It’s a bold plan and one which is certain to turn heads. In fact, that’s exactly what a group of Christians behind a proposed prime-time television advertising campaign aim to do.

In a project that’s fast gaining momentum across the country, they are leading the development of a series of ads which would put Jesus at the forefront of people’s minds and stir conversation about His relevance to our lives today.

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IMAGE: Courtesy of Jesus. All about life.

 

“Without a local church it won’t work. It’s like the Billy Graham Crusades. Billy Graham came to town - we ran two weeks of meetings at the MCG but without local churches and the people in those local churches talking to their friends and neighbours and families and loved and inviting them along, then it wouldn’t have been effective. This is a bit the same.”

- Martin Johnson

Martin Johnson, one of the project’s directors, says the idea for the Jesus. All about life campaign emerged out of a series of think tanks held in 2002 under the auspices of Christian Television Australia.

Led by Reverend Karl Faase, senior pastor at Gymea Baptist Church in Sydney, participants included Rob Adsett, chairman of Christian Television Australia, Mike Jeffs, founder of the Optus Christian Channel and David Smith of the Genesis Foundation. “It sort of just came out of people talking about ‘Well, what else can we do for the Gospel, but do in prime time?’” says Johnson.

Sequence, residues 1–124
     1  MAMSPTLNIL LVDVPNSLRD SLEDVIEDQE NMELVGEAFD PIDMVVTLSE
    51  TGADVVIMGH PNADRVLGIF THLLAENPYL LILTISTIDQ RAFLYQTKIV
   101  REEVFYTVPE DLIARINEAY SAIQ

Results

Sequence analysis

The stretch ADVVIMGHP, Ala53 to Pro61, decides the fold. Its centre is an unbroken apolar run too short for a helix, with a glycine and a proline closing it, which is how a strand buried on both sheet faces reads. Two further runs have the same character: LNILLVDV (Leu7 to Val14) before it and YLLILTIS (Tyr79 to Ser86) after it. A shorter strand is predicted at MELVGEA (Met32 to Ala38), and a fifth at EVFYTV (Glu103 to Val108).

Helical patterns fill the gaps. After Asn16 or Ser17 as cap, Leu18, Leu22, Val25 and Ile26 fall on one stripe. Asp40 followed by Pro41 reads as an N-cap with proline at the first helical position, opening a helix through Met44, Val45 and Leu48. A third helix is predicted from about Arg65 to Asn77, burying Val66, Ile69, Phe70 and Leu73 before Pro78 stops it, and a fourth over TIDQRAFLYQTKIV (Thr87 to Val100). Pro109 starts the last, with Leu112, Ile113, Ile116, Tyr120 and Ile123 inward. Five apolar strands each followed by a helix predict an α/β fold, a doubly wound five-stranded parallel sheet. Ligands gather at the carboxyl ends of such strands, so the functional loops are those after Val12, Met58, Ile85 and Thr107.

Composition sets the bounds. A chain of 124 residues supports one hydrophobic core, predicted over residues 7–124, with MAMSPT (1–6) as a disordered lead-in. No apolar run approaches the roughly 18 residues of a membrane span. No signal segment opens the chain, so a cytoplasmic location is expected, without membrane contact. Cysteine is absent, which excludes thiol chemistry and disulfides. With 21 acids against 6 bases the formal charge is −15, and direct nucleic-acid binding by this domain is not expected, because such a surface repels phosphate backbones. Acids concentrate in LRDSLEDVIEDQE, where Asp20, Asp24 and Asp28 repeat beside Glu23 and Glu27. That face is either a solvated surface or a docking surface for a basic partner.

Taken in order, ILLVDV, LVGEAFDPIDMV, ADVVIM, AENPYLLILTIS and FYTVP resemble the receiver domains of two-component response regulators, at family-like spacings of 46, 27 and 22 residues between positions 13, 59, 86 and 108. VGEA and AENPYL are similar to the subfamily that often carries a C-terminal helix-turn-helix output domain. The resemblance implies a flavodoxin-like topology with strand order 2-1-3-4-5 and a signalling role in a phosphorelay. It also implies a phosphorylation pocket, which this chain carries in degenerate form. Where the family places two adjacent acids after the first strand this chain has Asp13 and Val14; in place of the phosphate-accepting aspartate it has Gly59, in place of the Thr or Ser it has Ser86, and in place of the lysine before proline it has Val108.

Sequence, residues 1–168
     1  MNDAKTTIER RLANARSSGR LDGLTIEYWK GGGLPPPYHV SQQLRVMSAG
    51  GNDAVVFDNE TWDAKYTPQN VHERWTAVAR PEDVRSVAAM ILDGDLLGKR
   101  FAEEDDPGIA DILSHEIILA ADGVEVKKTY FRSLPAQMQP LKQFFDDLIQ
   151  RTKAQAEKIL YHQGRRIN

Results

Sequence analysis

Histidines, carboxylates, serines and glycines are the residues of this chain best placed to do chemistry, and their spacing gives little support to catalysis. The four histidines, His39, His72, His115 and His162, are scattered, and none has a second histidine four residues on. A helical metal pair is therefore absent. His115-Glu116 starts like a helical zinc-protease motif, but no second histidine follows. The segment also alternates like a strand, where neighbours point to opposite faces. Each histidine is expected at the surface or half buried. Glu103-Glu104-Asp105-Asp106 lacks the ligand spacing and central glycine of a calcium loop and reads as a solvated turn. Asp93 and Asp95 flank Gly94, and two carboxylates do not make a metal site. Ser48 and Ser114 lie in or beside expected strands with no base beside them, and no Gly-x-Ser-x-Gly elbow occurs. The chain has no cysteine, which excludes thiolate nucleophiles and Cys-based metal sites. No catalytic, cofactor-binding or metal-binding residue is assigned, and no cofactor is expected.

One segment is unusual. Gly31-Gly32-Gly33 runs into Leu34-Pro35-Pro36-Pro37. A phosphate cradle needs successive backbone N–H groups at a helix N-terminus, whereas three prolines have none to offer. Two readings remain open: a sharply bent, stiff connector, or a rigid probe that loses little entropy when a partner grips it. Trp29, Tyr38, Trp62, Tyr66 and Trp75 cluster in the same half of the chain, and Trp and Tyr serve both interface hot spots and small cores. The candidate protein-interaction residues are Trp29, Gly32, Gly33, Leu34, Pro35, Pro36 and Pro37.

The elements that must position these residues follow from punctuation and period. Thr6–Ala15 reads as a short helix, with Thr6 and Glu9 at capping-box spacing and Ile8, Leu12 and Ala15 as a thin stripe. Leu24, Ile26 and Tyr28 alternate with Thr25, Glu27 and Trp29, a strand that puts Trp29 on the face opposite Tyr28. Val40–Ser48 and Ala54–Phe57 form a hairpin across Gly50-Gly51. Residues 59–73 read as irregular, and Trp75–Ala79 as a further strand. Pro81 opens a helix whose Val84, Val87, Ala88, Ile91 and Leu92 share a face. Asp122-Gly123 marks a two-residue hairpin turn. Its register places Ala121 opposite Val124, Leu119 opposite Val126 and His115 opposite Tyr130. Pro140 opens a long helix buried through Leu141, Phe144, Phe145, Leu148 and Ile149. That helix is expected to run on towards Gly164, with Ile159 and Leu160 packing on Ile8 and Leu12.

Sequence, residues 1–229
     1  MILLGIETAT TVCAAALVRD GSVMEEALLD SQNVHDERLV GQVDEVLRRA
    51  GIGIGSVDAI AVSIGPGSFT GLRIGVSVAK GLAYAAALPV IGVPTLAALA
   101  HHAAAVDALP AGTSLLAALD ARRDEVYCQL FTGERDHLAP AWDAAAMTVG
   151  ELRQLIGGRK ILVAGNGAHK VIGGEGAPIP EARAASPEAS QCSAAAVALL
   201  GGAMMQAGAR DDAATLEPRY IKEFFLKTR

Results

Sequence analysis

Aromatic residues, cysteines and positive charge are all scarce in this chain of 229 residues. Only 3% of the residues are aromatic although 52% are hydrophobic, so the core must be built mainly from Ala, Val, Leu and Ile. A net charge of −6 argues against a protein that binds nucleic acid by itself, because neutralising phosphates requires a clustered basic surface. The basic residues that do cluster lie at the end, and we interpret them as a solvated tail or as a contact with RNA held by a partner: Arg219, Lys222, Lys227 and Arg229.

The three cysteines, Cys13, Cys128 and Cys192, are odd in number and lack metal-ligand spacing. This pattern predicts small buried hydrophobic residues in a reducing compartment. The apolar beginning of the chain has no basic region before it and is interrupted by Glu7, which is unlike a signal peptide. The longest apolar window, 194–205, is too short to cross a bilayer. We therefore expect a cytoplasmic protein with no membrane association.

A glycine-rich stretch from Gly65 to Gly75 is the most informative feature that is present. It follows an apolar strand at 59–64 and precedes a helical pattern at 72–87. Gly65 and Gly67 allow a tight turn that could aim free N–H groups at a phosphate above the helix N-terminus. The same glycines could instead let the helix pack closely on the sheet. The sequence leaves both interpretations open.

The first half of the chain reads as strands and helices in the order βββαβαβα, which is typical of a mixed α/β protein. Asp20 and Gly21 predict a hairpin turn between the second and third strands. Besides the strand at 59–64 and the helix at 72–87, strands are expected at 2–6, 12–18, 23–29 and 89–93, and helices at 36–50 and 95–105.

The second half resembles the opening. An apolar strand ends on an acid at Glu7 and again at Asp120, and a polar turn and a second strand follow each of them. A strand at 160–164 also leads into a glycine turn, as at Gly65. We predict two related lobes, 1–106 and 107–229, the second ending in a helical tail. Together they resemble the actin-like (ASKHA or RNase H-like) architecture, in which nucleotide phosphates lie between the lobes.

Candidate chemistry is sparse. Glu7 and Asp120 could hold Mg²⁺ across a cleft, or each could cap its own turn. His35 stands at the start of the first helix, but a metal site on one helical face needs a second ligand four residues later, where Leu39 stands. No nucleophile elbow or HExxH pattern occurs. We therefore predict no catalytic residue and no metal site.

They looked at campaigns run in different parts of the world including the United Kingdom, Singapore, and the United States as well as one which had run in Ireland and Canada called Power to Change

Put together by Campus Crusade, it last ran in Ireland during September and October 2002 when it involved 1,000 Catholic and Protestant churches. While the success of the Irish campaign was hard to quantify, Johnson says there were some statistics which indicated the sort of impact such a campaign could have.

About 90,000 copies of a response book were handed out as a result of the advertising and the campaign website received around 150,000 hits. But more significant still was the fact that surveys revealed a staggering 90 per cent of Irish population was exposed to some elements of the campaign - whether a television advertisement or a billboard - at least 10 times. “It certainly generated interest,” says Johnson. 

It was subsequently decided to run an Australian campaign - initially known as the Christian Media Project - which would adopt a similar strategy to that employed during the Power to Change campaign.

Spear-headed by the Bible Society NSW - which “took on” the project at the end of 2002 after seeing it as a way to better interact with the community and encourage interest in the Bible - the project will involve mobilising the Christian business community in each state or territory to raise enough money to buy a series of advertising slots which would run over four to six weeks on prime time television networks and will be supported by radio and billboard advertising.